Yes, Nintendo's stated they'll roll out the game announcements early next year, and I'm sure we'll have a better idea of who's supporting the launch at that time. But right now? I'm hardly convinced they'll have substantial support from third parties, nor I am convinced Nintendo's done what they need to accomplish such a thing. And neither should you.

Even more than price, battery life, tech specs or anything else, publishing support will make or break the NS. Will Madden, NBA 2K, and FIFA get yearly releases with comparable feature sets to PS4 and XB1? Will Battlefield and COD? New releases from Rockstar, namely Read Dead and GTA? Will Capcom and SE support them long term? What about the in-betweens like Bethesda?

I know you may not personally care about some of these franchises or publishers. I know you may already own a PC, PS4, or XB1 to play these games. But for the NS to succeed? For the installed base to grow and give Nintendo a viable revenue stream out of the gate? They need third parties. Point. Blank. Period. The fact that NS development is already made harder by the comparatively lower specs and ARM tech makes that even more of a concern. The last thing anyone wants here is another Nintendo Box, except this time its only ports will be cell phone games.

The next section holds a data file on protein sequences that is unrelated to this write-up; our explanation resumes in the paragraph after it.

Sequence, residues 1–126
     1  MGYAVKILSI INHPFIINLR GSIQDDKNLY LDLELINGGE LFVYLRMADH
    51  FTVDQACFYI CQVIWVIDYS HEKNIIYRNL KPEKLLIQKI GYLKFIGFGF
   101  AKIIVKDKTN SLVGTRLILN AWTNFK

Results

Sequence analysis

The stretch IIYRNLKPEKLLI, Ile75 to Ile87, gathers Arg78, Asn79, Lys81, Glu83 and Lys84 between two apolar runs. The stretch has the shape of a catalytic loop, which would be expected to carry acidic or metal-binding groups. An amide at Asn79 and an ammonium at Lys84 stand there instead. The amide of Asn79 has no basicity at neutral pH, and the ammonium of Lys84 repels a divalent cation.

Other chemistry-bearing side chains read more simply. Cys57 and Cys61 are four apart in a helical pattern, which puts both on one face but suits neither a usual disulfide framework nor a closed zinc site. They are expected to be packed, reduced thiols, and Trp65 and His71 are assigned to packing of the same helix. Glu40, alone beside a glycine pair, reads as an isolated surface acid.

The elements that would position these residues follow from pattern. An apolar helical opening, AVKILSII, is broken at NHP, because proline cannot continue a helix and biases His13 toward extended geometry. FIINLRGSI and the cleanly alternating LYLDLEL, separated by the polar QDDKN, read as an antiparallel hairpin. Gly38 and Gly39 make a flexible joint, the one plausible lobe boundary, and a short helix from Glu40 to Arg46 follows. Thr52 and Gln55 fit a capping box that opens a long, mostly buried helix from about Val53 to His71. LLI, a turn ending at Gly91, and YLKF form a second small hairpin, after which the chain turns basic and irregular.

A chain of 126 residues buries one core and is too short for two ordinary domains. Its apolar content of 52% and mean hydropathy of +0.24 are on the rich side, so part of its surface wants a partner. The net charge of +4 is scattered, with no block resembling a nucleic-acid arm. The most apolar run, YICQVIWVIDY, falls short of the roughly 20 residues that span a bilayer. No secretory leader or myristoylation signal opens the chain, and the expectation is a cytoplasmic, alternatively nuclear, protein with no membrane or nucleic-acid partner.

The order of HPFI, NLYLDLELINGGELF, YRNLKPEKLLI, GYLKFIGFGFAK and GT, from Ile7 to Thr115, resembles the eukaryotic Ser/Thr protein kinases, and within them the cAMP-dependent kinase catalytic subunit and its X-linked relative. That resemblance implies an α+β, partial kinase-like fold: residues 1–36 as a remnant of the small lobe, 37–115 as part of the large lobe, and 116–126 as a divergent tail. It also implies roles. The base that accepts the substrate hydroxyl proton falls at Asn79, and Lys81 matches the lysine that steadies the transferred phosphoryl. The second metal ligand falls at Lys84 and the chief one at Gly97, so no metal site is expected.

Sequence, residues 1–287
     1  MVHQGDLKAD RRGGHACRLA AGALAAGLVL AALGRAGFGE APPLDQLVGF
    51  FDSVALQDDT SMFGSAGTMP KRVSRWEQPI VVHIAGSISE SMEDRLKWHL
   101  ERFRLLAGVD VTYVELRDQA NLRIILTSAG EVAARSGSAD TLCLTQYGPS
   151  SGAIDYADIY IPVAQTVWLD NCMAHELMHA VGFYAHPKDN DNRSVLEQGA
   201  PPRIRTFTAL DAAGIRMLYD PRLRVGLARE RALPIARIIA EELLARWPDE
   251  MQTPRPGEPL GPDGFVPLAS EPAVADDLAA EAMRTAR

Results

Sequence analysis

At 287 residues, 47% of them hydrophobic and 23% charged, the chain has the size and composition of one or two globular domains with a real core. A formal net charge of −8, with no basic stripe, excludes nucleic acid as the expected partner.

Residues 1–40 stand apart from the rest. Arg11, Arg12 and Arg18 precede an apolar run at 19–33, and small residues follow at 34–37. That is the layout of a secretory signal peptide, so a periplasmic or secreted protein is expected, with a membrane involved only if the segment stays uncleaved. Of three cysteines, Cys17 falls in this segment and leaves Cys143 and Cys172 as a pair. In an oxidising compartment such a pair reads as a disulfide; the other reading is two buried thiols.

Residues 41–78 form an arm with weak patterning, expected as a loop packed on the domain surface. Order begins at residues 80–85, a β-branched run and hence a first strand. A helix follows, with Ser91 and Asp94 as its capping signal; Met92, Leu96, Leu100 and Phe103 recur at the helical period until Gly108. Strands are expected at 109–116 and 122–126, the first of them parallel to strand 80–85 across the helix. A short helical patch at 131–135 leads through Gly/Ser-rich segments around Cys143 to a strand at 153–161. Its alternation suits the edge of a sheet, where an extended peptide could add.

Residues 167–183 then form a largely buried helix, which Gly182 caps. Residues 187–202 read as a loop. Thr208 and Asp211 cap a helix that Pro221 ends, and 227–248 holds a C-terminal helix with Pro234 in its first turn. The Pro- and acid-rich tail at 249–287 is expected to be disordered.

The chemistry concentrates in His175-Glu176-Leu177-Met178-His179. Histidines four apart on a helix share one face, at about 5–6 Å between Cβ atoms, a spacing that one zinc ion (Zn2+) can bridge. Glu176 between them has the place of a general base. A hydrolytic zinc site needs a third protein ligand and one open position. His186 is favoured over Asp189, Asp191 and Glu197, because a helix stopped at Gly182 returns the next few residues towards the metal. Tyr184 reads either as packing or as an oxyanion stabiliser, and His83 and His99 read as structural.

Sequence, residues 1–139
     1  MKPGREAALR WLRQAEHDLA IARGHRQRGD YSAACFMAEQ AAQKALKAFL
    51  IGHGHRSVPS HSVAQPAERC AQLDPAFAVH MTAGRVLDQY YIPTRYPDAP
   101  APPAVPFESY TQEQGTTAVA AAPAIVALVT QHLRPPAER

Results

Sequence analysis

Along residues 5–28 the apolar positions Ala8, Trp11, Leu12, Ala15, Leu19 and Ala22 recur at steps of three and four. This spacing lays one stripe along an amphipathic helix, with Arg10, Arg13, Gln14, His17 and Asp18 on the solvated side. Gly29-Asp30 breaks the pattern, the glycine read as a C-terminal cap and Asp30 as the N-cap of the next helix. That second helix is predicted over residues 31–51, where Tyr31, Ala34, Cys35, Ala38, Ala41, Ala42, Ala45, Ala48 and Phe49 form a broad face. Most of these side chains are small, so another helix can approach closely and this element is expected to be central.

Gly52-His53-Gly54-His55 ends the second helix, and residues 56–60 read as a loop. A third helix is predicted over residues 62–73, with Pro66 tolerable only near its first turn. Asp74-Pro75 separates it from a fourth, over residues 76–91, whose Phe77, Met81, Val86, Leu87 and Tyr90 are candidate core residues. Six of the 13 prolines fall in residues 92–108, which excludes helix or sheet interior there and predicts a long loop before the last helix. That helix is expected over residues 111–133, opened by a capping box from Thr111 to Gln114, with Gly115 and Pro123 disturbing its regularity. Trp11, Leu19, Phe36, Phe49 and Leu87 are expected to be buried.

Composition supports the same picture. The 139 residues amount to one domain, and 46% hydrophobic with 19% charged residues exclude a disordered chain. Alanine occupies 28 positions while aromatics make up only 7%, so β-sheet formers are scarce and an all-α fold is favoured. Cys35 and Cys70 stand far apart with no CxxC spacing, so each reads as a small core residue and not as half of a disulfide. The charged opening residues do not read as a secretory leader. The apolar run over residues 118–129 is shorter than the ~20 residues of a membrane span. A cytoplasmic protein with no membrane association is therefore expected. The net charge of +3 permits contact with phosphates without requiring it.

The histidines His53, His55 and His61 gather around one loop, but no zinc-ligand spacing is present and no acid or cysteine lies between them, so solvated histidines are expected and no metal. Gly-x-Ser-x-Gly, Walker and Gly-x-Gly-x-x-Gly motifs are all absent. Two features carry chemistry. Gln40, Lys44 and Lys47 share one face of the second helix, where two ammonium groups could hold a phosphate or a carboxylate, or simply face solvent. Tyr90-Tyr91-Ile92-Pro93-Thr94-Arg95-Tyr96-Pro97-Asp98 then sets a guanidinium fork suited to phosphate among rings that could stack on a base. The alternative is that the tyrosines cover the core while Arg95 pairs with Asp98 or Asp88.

Do I want to see more from the NS, more than I've wanted to see of any Nintendo hardware in the last decade? Yea. I fully admit that. I might even say that I'm excited to see more. But there are so many unanswered questions here and so many ways this could go wrong. Please believe me when I say the last thing I want is for NS to bomb. At minimum, Sony needs a kick in the ass in EU and JP so they can start acting competitive again. MS can't do that. Nintendo can.

But this is just the start, and Nintendo has a long way to go over the next five months. All I know for sure is I'll be rooting for them this time. Will you be?

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About ctg867one of us since 2:47 AM on 11.29.2013

I'm an (aging) dude who plays games and comments about stuff. Been on Dtoid since 2010-ish, back during the Jim Sterling days, though this account's a bit newer than that. Don't post on the FP anymore but you can find me on Qtoid and the Cblogs.

I also stream on Twitch sometimes, if you're interested: